Top Ten Literary Destinations

Posted on: 20 August 2008 by Gareth Hargreaves

Travel to the places that inspired your favourite authors.

These locations have either been the home or inspiration to many of the greatest writers in Western civilization, and feature remarkable attractions as tributes to those authors, for travellers to enjoy today.

1. Great Expectations: London, England

London was the birthplace or home of many of the greatest authors of all time, including Charles Dickens, Geoffrey Chaucer, John Milton, John Keats and H.G. Wells, to name a few. Visitors can stop by the home of Dickens, see the house where Benjamin Johnson wrote the first comprehensive English dictionary, or go on one of many guided walks that let you follow in Sherlock Holmes’ footsteps.

2. Some are Born Great: Stratford-upon-Avon, England

Birthplace of William Shakespeare, Stratford-upon-Avon is a Mecca for the literature enthusiast. Travellers can catch a glimpse into The Bard’s early life, see the magnificent Royal Shakespeare Company perform, or pay tribute to the father of modern literature at his final resting place.

3. The Game is Afoot: Edinburgh, Scotland

We have Edinburgh authors to thank for some of the world’s most beloved stories and characters, from Sir Arthur Conan Doyle’s Sherlock Holmes to J. K. Rowling’s Harry Potter. Take a walking tour of Edinburgh’s medieval Old Town to learn about Scottish literary characters and history, or celebrate the contributions of authors Robert Burns, Sir Walter Scott and Robert Louis Stevenson at the Writer’s Museum. Paving stones approaching the museum commemorate Scottish writers.

4. Portals of Discovery: Dublin, Ireland

Dublin’s greatest authors from Yeats to Heaney have often used their home city as their inspiration, evident in James Joyce’s “Dubliners” and Jonathan Swift’s satirical “A Modest Proposal.” Literature enthusiasts will want to make the pilgrimages to the James Joyce Tower and House, as well as visit the Dublin Writers’ Museum and the National Library of Ireland. One TripAdvisor traveller said,

5. A Wink of the Eye: New York, New York

Jack Kerouac and Allen Ginsberg once hung out in New York’s White Horse Tavern, Arthur Miller, Norman Mailer and John Ashbery called the city home, and the Harlem Renaissance surfaced African-American literary greats like Richard Wright and Langston Hughes. Take a literary walking tour of Greenwich Village or immerse yourself in the New York Public Library’s immense collection.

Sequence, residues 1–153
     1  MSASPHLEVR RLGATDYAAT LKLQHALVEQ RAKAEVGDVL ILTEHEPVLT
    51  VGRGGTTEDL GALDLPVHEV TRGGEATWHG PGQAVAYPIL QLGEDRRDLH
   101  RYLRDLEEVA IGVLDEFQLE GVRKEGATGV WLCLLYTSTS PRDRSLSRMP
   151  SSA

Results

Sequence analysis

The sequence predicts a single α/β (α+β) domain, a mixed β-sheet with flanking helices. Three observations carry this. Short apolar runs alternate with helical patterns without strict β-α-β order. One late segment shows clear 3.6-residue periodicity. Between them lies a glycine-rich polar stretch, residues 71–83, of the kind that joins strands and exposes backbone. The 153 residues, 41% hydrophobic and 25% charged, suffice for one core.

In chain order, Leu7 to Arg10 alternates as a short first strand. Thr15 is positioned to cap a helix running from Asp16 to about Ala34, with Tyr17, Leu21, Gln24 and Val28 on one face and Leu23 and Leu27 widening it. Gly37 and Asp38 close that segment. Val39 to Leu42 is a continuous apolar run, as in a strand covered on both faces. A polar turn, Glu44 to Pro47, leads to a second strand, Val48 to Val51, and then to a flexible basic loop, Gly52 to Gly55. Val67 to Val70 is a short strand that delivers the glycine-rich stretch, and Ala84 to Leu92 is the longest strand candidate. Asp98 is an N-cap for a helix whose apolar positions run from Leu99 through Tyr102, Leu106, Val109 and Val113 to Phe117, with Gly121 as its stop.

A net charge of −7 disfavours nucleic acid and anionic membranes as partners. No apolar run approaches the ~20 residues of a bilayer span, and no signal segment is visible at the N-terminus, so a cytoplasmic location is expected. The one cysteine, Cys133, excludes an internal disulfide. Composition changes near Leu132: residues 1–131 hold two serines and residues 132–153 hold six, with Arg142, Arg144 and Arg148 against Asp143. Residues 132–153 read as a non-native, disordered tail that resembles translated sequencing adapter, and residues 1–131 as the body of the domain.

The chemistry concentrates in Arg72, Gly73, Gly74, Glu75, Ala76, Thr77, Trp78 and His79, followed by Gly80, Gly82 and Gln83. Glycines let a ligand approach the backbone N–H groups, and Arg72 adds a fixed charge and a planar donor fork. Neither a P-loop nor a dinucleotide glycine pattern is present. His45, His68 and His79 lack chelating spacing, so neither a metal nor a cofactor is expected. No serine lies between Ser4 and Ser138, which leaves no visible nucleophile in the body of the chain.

6. Live Free: Concord, Massachusetts

A unique destination for its small size and depth of literary history, Concord is the site of Walden Pond, inspiration for Thoreau’s “Walden,” and the house where Louisa May Alcott wrote “Little Women.” Ralph Waldo Emerson and Nathaniel Hawthorne also called Concord home in the 1800s, and for the ultimate literary pilgrimage, visit the final resting places of all these literary giants in the Author’s Ridge section of the Sleepy Hollow Cemetery.

7. Absorbed in Thought: Paris, France

Paris’ literary history – from French authors like Victor Hugo, Voltaire, and Alexander Dumas to Americans such as Gertrude Stein, Ernest Hemingway, F. Scott Fitzgerald and others of the “Lost Generation”– is rich and diverse. With its famous book stalls (“Les Bouquinistes”) lining the Seine, and famed literary cafes like les Deux Magots, frequented by greats like Hemingway and Albert Camus, the City of Light’s literary vibe lives on.

8. See with the Eyes of Angels: San Francisco, California

When Ginsberg and Kerouac moved from New York to San Francisco, they brought their new literary style with them, establishing the city as a new hub of the “Beat Generation.” See the site of their famed first poetry reading, along with others of their circle like Philip Whalen, at the Six Gallery, or visit the popular City Lights Bookstore, founded by Beat poet Lawrence Ferlinghetti, which brings literature and progressive politics together.  Buy a copy of ‘Howl’ at City Lights Books, read it over a beer at the Vesuvio Cafe, you might be sitting in a seat where Kerouac sat.

9. Time Flies: Rome, Italy

Birthplace of some of the world’s most influential literature, Rome was home to ancient greats like Virgil, who penned “The Aeneid.” But Rome’s literary importance has continued to the present day, with foreign authors like Keats, Shelley, James and many more coming to draw inspiration from the center of the ancient world. Be sure to visit the Keats-Shelley House on Rome’s historic Spanish Steps, a site visited by many other authors and artists throughout history.

10. Beauty is Mysterious: St. Petersburg, Russia

With its remarkable history highlighted by Leo Tolstoy, Anton Chekhov, Alexander Pushkin and Fyodor Dostoevsky, St. Petersburg is a renowned literary destination. Dostoevsky inhabited a number of apartments throughout the city, and in his last, where he wrote “The Brothers Karamazov,” there is now a museum dedicated to his life. Walking tours also allow visitors to see the city through the famous author’s eyes. Refresh your memory of the tales and cast in the stories as told by Gogol and Dostoevsky and others and you will see most of the locations, streets and even boarding houses just as described.

Planning a trip to one of these destinations?  Visit for other holiday maker's reviews, insider's tips and opinions on places to stay, places to eat and the must-see attractions at that destination. 

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